Effect of chitosan feeding on intestinal bile acid metabolism in rats
- Cite this article as:
- Fukada, Y., Kimura, K. & Ayaki, Y. Lipids (1991) 26: 395. doi:10.1007/BF02537206
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The effect of chitosan feeding (for 21 days) on intestinal bile acids was studied in male rats. Serum cholesterol levels in rats fed a commercial diet low in cholesterol were decreased by chitosan supplementation. Chitosan inhibited the transformation of cholesterol to coprostanol without causing a qualitative change in fecal excretion of these neutral sterols. Increased fiber consumption did not increase fecal excretion of bile acids, but caused a marked change in fecal bile acid composition. Litcholic acid increased sigificantly, deoxycholic acid increased to a leasser extent, whereas hyodeoxycholic acid and the 6β-isomer and 5-epimeric 3α-hydroxy-6-keto-cholanoic acid(s) decreased. The pH in the cecum and colon became elevated by chitosan feeding which affected the conversion of primary bile acids to secondary bile acids in the large intestine. In the cecum, chitosan feeding increased the concentration of α-,β-, and ω-muricholic acids, and lithocholic acid. However, the levels of hyodeoxycholic acid and its 6β-isomer, of monohydroxy-monoketo-cholanoic acids, and of 3α, 6ξ, 7ξ-trihydroxy-cholanoic acid decreased. The data suggest that chitosan feeding affects the metabolism of intestinal bile acids in rats.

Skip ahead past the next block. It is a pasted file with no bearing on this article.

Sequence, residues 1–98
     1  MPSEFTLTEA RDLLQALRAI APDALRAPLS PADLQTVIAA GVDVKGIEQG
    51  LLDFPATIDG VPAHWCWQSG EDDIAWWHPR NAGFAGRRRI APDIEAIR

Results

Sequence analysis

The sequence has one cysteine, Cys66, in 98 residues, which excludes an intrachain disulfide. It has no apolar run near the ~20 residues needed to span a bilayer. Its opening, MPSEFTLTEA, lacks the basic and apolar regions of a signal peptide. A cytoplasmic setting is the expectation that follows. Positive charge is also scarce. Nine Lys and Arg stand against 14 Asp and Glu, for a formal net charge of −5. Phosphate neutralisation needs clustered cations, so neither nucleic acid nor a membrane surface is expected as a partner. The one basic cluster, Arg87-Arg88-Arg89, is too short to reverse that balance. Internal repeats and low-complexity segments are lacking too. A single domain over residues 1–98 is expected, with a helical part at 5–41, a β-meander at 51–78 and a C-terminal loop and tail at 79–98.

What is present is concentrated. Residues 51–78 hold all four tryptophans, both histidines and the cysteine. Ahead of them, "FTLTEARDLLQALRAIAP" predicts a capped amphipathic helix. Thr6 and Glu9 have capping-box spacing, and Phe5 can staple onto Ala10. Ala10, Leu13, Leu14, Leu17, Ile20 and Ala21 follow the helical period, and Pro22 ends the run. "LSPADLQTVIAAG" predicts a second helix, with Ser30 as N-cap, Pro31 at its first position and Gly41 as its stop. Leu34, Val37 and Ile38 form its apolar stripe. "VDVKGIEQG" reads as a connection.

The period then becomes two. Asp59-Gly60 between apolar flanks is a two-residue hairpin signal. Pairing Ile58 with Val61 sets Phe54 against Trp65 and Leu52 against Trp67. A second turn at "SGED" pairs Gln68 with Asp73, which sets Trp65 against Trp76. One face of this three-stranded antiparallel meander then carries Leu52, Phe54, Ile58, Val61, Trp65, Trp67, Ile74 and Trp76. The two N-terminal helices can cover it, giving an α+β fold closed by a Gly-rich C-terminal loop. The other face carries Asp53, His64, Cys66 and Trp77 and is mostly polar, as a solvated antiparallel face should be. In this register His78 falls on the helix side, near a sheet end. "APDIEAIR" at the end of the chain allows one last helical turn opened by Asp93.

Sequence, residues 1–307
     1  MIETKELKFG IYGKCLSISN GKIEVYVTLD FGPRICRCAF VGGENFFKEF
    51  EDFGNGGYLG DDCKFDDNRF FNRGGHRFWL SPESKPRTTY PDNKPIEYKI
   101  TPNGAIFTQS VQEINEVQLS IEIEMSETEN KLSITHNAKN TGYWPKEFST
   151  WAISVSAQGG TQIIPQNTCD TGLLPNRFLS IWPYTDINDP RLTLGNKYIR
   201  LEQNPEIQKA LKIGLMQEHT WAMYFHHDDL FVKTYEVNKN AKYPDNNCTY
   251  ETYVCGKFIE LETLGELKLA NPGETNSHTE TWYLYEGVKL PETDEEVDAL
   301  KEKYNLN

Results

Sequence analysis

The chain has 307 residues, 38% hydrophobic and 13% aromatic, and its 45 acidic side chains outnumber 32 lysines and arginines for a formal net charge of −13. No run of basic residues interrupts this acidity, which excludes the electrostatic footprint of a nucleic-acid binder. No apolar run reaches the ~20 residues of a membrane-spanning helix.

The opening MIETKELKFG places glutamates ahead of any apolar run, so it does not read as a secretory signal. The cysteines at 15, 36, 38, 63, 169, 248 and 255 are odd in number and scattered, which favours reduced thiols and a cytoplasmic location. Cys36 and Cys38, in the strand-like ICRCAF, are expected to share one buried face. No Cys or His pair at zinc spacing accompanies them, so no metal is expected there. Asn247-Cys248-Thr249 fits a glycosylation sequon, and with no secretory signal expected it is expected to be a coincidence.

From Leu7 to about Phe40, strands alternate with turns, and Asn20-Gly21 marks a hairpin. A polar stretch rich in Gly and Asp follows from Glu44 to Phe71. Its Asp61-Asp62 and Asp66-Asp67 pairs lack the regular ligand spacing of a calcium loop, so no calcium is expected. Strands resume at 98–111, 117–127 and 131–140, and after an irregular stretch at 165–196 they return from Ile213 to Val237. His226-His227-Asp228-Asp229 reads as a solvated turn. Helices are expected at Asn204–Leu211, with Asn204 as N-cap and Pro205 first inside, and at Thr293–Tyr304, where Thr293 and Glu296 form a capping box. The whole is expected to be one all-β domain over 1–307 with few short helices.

gas-liquid chromatography/mass spectrometry